Kent: The Texas Commission on Environmental Quality, they do forecasts on the day ahead. So they look a a variety of factors based on the weather, wind patterns, temperature, and also what they’re expecting from traffic patterns in the area that will end up predicting if they think there may be an ozone alert the next day.
Baker: Now doesn’t all this have to do with how much the wind is moving?
Yes. So Ozone is formed by the combination of a variety of different pollution. So some of this is car exhaust, some of this is coming from vapors and fumes like you might find in the gasoline station. And those end up going into the lower atmosphere where they mix with sunlight and heat, and then on a very still day, they just sit tight and they don’t move. Consequently, you’ll have these chemicals all baking in the lower atmosphere, turning into ozone. And then on those days they’ll slowly drift across the Metroplex. And so on various still days it doesn’t go anywhere and it doesn’t dissipate, and consequently we’ll have higher ozone levels on those days.
Baker: Which leads me to wonder: just how bad is the air in North Texas?
Kent: Air quality has been steadily improving for the last ten to fifteen years. The main pollution that we have to deal with in North Texas is ozone. So if you look back at the numbers the last ten years, we’ve gone down from readings like 105, 110 parts per billion, down to two years ago when we were at 86 parts per billion. But the last two summers, because they’ve been so hot, we’ve had unusual weather conditions. They’ve actually slowly been starting to rise again.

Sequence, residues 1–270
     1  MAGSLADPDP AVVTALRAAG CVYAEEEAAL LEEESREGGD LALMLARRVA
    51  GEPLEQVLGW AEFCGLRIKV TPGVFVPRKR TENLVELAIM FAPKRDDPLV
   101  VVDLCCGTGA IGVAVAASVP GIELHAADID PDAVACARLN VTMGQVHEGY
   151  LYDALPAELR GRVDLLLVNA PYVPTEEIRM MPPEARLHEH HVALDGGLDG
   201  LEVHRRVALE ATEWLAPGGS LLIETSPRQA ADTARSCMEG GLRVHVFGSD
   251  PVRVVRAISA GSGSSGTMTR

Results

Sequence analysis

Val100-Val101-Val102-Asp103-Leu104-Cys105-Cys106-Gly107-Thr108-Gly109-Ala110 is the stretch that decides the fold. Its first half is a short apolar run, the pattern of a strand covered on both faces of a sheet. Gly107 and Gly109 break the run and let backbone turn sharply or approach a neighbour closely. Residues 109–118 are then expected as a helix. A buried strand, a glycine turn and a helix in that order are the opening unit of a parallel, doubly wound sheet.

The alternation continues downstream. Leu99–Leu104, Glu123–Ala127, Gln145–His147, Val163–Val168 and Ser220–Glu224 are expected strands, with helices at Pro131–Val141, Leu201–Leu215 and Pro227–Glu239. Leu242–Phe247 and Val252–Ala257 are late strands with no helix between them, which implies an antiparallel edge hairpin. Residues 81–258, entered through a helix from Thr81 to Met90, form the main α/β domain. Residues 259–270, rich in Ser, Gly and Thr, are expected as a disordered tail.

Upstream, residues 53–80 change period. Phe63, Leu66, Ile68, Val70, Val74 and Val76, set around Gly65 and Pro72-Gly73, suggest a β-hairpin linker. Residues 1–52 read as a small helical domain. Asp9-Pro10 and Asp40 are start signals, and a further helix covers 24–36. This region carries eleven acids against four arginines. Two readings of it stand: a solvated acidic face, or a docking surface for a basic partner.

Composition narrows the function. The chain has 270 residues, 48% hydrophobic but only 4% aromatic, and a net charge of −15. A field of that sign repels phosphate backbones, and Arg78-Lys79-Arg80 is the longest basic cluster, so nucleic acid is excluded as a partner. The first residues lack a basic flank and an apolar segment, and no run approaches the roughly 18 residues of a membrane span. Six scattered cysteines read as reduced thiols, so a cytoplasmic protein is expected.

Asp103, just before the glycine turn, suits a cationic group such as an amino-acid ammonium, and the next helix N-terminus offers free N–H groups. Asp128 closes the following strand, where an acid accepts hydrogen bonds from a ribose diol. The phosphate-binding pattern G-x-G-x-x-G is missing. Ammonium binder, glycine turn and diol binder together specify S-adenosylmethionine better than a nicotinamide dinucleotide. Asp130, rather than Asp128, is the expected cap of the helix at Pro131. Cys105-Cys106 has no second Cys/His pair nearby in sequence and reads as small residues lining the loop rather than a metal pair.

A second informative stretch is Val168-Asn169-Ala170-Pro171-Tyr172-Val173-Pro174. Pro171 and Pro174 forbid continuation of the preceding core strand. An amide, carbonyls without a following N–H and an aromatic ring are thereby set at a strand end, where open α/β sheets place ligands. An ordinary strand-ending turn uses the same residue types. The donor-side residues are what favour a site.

Baker: Is that why the American Lung Association doesn’t look very kindly on this area? I think they’ve listed us as one of the most polluted areas in the nation.
Kent: For ozone pollution, that is correct. We get a B for particulate matter, which is alright, But for ozone pollution, they have us at an F.
Baker: So then what can people do to help with the pollution problem here?
50 percent of the ozone pollution problem is going to be caused by people driving their vehicles on a single occupancy basis. So anything you can do to drive less will make a big impact. A lot of the pollutants that end up causing ozone come from gasoline vapors that are escaping out of your vehicle. So if you can wait to fill up your vehicle after dark, it will help keep some of those emissions out of the sunlight and out of the heat where they bake into ozone. Another thing you can do is try to put off your lawn work into the weekends.
The small engines that run your weed-eater and your lawnmower end up releasing a lot of the emissions that end up causing ozone. And so on weekdays when we have a lot of traffic on the highways, we have a lot of people who are out driving. If we’re then running our lawnmowers those days as well, that’s just adding to the problem. We can help spread out some of those emissions to days that usually aren’t going to be ozone problems, we can make a big impact.
Robert Kent is director of environmental programs for the North Texas Commission.